Home > Uncategorized > InfoSphere Warehouse 10 – The Real-Time Data Warehouse

InfoSphere Warehouse 10 – The Real-Time Data Warehouse

So back to the grind – I’ve been away from the blogging and tweeting a bit for a number of good reasons, but the backlog of activities and news to share is staggering.

On a personal note, my wife and I had our 2nd child recently and well to be quite frank – That really kills the ability to crank out early morning or late night blog entries and such. I’m still in a half awake trance right now, in between burps, shooshes and fast walks around the foyer to get the Lil Mr. to sleep.

Last week I was out at the Gartner BI conference in Los Angeles, CA – Much more activity this year in my honest opinion and spoke with a number of current and prospective customers on their current BI and data warehousing situations. What really surprised me this year is that many folks are coming in asking about specific products and how it can help their company or organization – Marketing appears to be paying off – Yet we must be diligent to fully understanding the underlying business drivers before offering a solution. Will cover this in another post.

On top of the conference, our team launched our latest InfoSphere Warehouse 10 offering (in tandem with DB2 10) and has been getting some great reception. Now, I’m not going to spend all day recreating the wheel on its laundry list of features and benefits (there are plenty of sites that cover this that I will list) but I do want to discuss it’s overall purpose and why we released it.

Now if you were not aware, InfoSphere Warehouse 10 is built on top of DB2 (and thus DB2 10). This is the underlying database. What makes InfoSphere Warehouse different from DB2 proper is a feature known as the ‘database partitioning feature’ (or DPF for short) – This feature allows the DB2 10 inside of InfoSphere Warehouse to partition across nodes, increasing performance, manageability, scalabiltiy, etc. – All things important with a data warehouse implementation. This feature is not the only difference though, as InfoSphere Warehouse also includes its own data mining, cubing services, Cognos reporting and even basic ETL baked-in as standard components.

So with all of that being said – What is the big deal with InfoSphere Warehouse 10?

Real-Time Data Warehousing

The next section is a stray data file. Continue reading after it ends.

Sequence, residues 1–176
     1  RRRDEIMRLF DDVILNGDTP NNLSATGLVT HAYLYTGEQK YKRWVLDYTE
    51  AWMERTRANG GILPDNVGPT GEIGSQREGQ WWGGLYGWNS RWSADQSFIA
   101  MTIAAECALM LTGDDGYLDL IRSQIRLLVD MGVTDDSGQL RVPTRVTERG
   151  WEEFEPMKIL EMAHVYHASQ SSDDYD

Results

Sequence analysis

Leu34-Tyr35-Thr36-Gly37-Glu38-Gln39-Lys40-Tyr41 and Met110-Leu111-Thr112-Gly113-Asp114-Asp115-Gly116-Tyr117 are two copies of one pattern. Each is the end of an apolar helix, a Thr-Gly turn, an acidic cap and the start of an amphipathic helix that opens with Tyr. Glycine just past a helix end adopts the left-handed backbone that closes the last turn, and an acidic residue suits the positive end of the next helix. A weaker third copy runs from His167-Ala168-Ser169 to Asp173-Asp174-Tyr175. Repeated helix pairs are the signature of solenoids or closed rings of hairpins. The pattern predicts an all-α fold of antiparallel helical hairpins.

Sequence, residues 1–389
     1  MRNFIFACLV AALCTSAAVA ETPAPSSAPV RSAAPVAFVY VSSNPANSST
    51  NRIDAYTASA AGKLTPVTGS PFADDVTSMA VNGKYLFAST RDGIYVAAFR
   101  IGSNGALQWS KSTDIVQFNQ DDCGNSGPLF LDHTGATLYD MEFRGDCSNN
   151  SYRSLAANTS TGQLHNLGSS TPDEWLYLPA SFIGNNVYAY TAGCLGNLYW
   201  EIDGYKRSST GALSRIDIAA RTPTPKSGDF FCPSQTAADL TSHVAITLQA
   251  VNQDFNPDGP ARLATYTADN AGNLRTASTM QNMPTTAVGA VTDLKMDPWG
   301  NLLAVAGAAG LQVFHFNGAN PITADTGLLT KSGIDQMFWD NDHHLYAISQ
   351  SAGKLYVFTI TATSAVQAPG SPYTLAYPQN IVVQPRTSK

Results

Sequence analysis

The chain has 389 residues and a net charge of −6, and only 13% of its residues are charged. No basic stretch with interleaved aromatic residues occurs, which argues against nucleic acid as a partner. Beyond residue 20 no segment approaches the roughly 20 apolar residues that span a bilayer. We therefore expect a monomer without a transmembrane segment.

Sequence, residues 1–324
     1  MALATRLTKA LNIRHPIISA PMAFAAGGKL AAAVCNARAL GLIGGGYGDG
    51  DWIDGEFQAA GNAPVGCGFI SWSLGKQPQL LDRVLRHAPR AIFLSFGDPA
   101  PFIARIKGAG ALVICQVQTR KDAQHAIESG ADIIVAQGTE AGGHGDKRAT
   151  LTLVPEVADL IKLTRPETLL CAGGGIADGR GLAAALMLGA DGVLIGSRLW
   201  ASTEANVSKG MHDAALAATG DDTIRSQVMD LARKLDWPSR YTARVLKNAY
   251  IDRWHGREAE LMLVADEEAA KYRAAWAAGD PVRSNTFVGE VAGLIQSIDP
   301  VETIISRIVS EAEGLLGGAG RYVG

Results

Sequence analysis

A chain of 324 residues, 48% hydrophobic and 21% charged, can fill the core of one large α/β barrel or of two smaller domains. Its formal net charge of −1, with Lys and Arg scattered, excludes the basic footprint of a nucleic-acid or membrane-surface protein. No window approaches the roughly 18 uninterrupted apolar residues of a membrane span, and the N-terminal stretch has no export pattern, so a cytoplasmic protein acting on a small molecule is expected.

FInfoSphere Warehouse 10rom continuous ingest (populating the data warehouse on a continuous basis – as events occur) through time travel queries (baked-in support for temporal analytics) this data warehouse version enables customers to shorten the time it takes to record and capture an event, analyze and incorporate it and then take action on it.

Take this scenario. You are a retail store. A customer calls in (or emails, etc) to tell you that they are dissatisfied with your service. In the past, you would potentially deal with this customer in a customer service department individually and then ‘log’ and ‘update’ the customer’s complaint whenever the data warehouse loading was to occur (could be daily, could be weekly). While the customer service department handler has access to this ‘event’ (the customer complaining) – The rest of your organization and the underlying data warehouse and analytics infrastructure does not. How are you going to respond?  Even analytical competitors have to wait until that event is loaded and processed before being able to respond.

Enter InfoSphere Warehouse 10. When the customer calls in, instead of having to wait until a batch load occurs, the specific event is ‘ingested’ into the data warehouse on the spot and incorporated into the repository. You have essentially reduced the time it takes to leverage that information from days and weeks to near immediate response. Your data warehouse is using the latest information, immediately after the events occur.

Continuous ingest in InfoSphere Warehouse 10 is an awesome illustration of some of the real-time capabilities yet the features don’t stop there. This offering is jam packed with built in queries, security features and other tools that drive higher performance, lower costs and increase overall team productivity.

I’ll follow up on some of the specific features over the next few days (yes, I promise to be better with writing) , but in the meantime, check out this aggregator of warehousing news for some other expert opinions, thoughts and critiques on the new InfoSphere Warehouse:

https://www-304.ibm.com/connections/blogs/datawarehousing/?lang=en_us

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